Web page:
UPDATE: There have now been three class actions filed against ExamSoft, the latest one in the U.S. District Court for the Northern District of California. The complaint in this case echoes the other two, claiming that because the company’s software did not perform correctly and because ExamSoft was “wholly incompetent and ineffectual in addressing the major collapse of its systems,” those affected by the delays deserve compensation.
After last week’s bar exam software debacle — dubbed “barmageddon” and “barghazi” by Twitter users — ExamSoft, the company whose software failed to upload many test takers’ responses from the first day of the exam by individual states’ deadlines, has been hit with class action lawsuits in Illinois, Washington state and California.
Law blog Above the Law first reported that a lawsuit was filed against Boca Raton, Florida-based ExamSoft in the U.S. District Court for the Northern District of Illinois. That suit, Litchfield v. ExamSoft Worldwide, claims the software company knew exactly how many users would be uploading their responses from the exam, and therefore should have ensured its system was able to handle a flood of uploads in a short amount of time.
ExamSoft said the delays did not affect the content of students’ answers, and many states (including Maryland) extended their deadlines for uploading responses to account for widespread issues with the software. However, the complaint says the plaintiff and others affected deserve compensation for financial damages, as well as the “stress, anxiety, and emotional distress” they suffered.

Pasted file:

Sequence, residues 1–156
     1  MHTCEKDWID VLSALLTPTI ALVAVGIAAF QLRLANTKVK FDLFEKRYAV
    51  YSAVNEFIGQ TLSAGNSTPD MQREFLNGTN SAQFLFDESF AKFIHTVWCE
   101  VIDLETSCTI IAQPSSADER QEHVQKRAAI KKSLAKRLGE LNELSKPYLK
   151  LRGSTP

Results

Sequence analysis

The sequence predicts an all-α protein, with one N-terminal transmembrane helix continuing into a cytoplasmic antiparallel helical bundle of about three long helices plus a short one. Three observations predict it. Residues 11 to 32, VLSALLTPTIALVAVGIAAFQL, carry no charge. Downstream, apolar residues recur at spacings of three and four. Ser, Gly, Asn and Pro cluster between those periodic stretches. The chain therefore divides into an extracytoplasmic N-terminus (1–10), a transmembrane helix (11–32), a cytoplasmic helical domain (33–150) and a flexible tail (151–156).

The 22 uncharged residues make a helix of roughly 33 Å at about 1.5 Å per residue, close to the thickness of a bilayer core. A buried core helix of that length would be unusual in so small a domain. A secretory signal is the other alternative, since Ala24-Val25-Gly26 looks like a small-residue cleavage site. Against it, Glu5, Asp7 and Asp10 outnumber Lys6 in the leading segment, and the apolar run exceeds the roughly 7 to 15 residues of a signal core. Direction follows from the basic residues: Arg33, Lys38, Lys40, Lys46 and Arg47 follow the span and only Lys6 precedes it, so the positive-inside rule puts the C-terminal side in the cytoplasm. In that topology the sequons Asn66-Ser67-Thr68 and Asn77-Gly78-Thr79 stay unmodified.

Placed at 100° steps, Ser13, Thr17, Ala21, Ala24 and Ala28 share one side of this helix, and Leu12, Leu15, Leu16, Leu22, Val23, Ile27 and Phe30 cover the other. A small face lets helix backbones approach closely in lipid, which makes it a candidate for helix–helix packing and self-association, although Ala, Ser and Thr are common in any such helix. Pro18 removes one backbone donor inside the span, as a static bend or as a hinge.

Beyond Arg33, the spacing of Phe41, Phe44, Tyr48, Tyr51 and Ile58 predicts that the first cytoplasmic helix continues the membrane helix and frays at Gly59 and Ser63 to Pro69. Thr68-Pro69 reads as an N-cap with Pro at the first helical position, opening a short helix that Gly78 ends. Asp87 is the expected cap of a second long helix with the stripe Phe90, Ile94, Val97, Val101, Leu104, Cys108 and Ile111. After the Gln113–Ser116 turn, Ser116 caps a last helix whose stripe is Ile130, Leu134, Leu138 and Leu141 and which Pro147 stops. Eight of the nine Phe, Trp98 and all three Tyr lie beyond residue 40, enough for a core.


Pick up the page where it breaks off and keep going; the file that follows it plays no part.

“Plaintiff Phillip Litchfield and the Class paid Defendant for a product that had a single purpose: submitting bar exam responses in a timely and reliable manner. That product woefully underperformed any reasonable expectation of its performance, thereby causing Plaintiff and the Class significant emotional distress and depriving Plaintiff and the Class of a significant portion of the value of the product they paid for. In response, Plaintiff, on behalf of himself and the Class, filed the instant lawsuit seeking actual damages together with costs and reasonable attorneys’ fees.”
Although no suit has yet been filed in Maryland, a federal case search turned up a second class action suit against ExamSoft, this one filed in the U.S District Court for the Eastern District of Washington. Just two days later, a third was filed in California.
In Maryland, test takers who wished to use their own laptops instead of handwriting their exam responses paid a $125 fee for the software, in addition to the standard bar exam fee of $225.